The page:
These are roundtables for people in to come together to discuss their experiences and learn more about how different groups are fighting back against #spycops, including through the upcoming Pitchford Inquiry. These events are open to people from across the broad left spectrum, justice campaigners, animal rights activists, environmentalists, etc. who encountered undercovers or who have suspicions that they were targeted by them in some way. If you are thinking of coming, please get in touch. It is hosted by the Undercover Research Group and supported by the Campaign Opposing Police Surveillance. It is closed to the media, and we ask people to respect the fact that people may be sharing quite personal stories and to keep this a safe space.

For more information see our Invitation: Were you targeted by undercover police?.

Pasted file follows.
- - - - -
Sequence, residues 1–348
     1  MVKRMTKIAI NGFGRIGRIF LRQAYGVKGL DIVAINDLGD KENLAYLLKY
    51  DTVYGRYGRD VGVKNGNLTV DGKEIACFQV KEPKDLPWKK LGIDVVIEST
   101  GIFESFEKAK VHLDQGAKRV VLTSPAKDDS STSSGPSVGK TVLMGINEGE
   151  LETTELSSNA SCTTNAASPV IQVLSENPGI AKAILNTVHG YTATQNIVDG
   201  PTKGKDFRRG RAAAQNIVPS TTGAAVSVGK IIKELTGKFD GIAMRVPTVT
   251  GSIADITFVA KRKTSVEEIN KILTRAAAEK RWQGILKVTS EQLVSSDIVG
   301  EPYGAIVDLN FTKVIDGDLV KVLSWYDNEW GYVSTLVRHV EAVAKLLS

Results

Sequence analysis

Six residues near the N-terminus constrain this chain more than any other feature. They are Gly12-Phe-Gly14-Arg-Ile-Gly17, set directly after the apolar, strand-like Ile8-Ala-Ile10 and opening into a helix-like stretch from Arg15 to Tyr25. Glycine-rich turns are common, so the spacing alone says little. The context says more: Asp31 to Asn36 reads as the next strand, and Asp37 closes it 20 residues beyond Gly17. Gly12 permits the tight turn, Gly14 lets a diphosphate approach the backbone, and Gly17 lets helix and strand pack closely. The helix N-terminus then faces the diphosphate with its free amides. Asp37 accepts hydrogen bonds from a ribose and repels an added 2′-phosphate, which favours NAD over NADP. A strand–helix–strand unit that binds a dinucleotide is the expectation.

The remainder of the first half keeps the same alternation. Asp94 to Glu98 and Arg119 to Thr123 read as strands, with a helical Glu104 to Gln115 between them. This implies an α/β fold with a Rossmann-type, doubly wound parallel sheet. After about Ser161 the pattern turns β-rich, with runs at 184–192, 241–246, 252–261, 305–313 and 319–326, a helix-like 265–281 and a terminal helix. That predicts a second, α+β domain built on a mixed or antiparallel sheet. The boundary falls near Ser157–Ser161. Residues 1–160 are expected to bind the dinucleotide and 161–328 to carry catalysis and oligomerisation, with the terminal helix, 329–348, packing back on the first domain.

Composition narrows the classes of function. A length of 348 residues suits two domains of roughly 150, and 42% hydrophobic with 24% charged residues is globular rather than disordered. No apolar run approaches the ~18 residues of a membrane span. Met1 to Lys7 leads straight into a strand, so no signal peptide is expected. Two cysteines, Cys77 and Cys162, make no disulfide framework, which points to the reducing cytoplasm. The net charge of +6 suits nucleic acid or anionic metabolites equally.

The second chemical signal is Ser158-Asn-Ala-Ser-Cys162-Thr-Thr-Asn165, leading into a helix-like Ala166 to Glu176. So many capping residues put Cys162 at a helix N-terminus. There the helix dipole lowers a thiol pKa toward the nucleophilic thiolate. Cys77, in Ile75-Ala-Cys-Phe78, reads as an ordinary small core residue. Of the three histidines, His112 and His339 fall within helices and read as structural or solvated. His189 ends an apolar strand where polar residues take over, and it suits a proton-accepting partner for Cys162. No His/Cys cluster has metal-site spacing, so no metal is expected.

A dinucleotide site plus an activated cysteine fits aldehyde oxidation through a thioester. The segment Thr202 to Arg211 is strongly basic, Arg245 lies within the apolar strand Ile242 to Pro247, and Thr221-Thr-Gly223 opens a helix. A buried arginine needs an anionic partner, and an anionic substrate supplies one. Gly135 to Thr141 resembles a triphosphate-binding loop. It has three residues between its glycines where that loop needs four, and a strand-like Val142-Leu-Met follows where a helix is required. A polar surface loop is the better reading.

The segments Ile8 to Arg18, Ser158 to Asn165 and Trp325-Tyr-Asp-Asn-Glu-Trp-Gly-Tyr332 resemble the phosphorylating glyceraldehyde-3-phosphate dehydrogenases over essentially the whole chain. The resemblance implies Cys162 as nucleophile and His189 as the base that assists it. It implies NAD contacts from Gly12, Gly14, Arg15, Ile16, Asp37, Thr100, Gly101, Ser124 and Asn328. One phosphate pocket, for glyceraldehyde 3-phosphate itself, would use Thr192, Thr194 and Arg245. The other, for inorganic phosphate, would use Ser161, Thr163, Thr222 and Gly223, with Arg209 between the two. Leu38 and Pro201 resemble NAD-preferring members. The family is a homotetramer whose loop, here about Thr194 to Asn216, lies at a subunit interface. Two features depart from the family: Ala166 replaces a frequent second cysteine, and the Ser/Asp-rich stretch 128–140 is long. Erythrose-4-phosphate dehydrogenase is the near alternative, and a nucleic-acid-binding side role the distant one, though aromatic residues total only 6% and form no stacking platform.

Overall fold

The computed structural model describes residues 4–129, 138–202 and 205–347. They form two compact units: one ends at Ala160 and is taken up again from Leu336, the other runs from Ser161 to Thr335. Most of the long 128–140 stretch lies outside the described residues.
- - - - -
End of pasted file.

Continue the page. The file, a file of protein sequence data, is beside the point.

Leeds: Tuesday, 15th March at Oblong @ 7pm

Manchester: Wednesday, 16th March at MERCi @ 7pm

Liverpool: Thursday, 17th March at CASA Bar @ 7pm

Let us know if you are coming or if you have any questions, do get in touch, or follow us on Twitter and DM.

26 February – Hackney meeting on Jenner and spycops

Big Brother - Who's watching you? Public meeting (leaflet back)

Big Brother – Who’s watching you? Public meeting (leaflet back) Click to enlarge.

Big Brother - Who's watching you? Public meeting (leaflet front)

Big Brother – Who’s watching you? Public meeting (leaflet front) Click to enlarge.

Big Brother – Who’s watch you? Why did Mark Jenner infiltrate Hackney campaigns in the 1990sa public meeting, featuring Graham Smith, shadow chancellor John McDonnell Spies out of Lives, and Marc Metcalf, Hackney veteran and organiser of this meeting.